Life – but not as you knew it: Pregnant Pause

In our last blog, Sam Reynolds shared her experiences of living with cancer and a small child. But what if your cancer treatment has affected your pregnancy and fertility?

Chemotherapy, radiotherapy and other drugs can all affect the ability to have children. For many young adults with cancer, coping with post-treatment fertility problems can feel like yet another massive hurdle that has to be overcome– and it’s something that has to be dealt with for years after the initial diagnosis. We also know that fertility issues are often dealt with poorly by clinicians; in Shine’s 2012 survey of young adults with cancer, almost 50% of people told us that they hadn’t felt adequately supported to preserve their fertility prior to starting treatment.

Writing poignantly below, our writer tells us about her experiences of terminating a pregnancy, cancer and fertility treatment. Cancer and pregnancy is rare, and we know that there aren’t any easy answers to infertility. We firmly believe, however, that shedding more light on these experience is important. So many young adults with cancer deal with infertility quietly and on their own, struggling to make sense of what they’re experiencing. We want to change that.

To get in touch, please check out our Facebook page, website or follow us on Twitter.

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Pregnant Pause: Cancer, Termination and IVF

Three and half years ago I was diagnosed with bowel cancer, aged 30. I was also eight weeks pregnant with my first baby. The shock of the diagnosis was quickly superseded by having to make some important decisions and take many actions. Requesting to see the top specialists in the areas that I was now acutely involved in – oncology, surgery and gynaecology – it quickly became clear that it would not be possible to keep the baby if I was going to survive. The location of the tumour, and the radical surgery required to remove it, meant that we couldn’t. Having explored as many options as possible, I had a termination two weeks after the diagnosis. I remember asking my husband to write down very clear bullet points about why this had to happen; I wanted to be able to reassure myself later if doubted my decision. We were devastated.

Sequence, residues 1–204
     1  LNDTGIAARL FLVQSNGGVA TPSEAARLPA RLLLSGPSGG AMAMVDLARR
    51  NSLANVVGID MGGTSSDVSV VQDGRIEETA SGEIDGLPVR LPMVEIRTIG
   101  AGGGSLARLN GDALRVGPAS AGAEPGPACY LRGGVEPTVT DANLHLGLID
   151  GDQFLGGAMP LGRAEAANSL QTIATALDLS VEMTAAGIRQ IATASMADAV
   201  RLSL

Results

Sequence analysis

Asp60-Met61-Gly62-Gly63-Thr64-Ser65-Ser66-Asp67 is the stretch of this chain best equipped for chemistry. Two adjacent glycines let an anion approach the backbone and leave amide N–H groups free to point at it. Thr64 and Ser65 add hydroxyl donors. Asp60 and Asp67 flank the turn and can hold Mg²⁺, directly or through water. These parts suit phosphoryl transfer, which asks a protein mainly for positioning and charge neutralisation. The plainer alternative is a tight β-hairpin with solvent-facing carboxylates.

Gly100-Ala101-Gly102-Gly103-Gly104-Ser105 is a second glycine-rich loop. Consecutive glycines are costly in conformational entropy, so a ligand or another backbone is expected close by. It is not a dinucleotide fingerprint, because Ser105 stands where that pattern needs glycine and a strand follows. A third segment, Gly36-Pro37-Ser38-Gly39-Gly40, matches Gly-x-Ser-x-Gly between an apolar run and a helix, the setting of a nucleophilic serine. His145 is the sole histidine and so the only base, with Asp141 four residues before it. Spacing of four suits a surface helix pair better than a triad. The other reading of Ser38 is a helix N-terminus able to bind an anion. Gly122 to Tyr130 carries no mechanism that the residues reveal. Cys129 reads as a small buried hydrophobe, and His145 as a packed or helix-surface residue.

At this point my medical team said there was a chance my fertility would be ok, as long as surgeries and treatment went smoothly. I knew that I may be eligible for in vitro fertilisation (IVF) and I was given a three-week window in which to try it before my first surgery. Despite being told there as a high chance it may not work due to my recent pregnancy and short time frame, we got four embryos for storage.

The next year was spent in a whirlwind of treatments and surgeries, dealing with the very physical and even more emotional changes required to ‘get through’ cancer. All the while I spoke as openly and honestly as I could with family, friends and new people in my life about the experience – how I, we, were feeling, and how I was looking forward to it being over.

Coping with life throughout it all was hard at times, and I felt more fragile and weaker than my ordinary self. I found other people’s good news hard to hear but desperately wanted to be ok with things. Pregnancy news in others was often the worst, although pregnant people or their new babies much less so. I asked people to email me their pregnancy news so I didn’t have to process it face-to-face, but felt guilty about having to do so. I knew I had to be rational about normal life carrying on around me but this still felt so hard. People often said ‘you’re strong, I couldn’t cope with what you’ve been through’ but if I ever wanted to ask ‘why me?’ I tried to remind myself equally ask ‘why not me?’. It’s just a shame it’s anyone.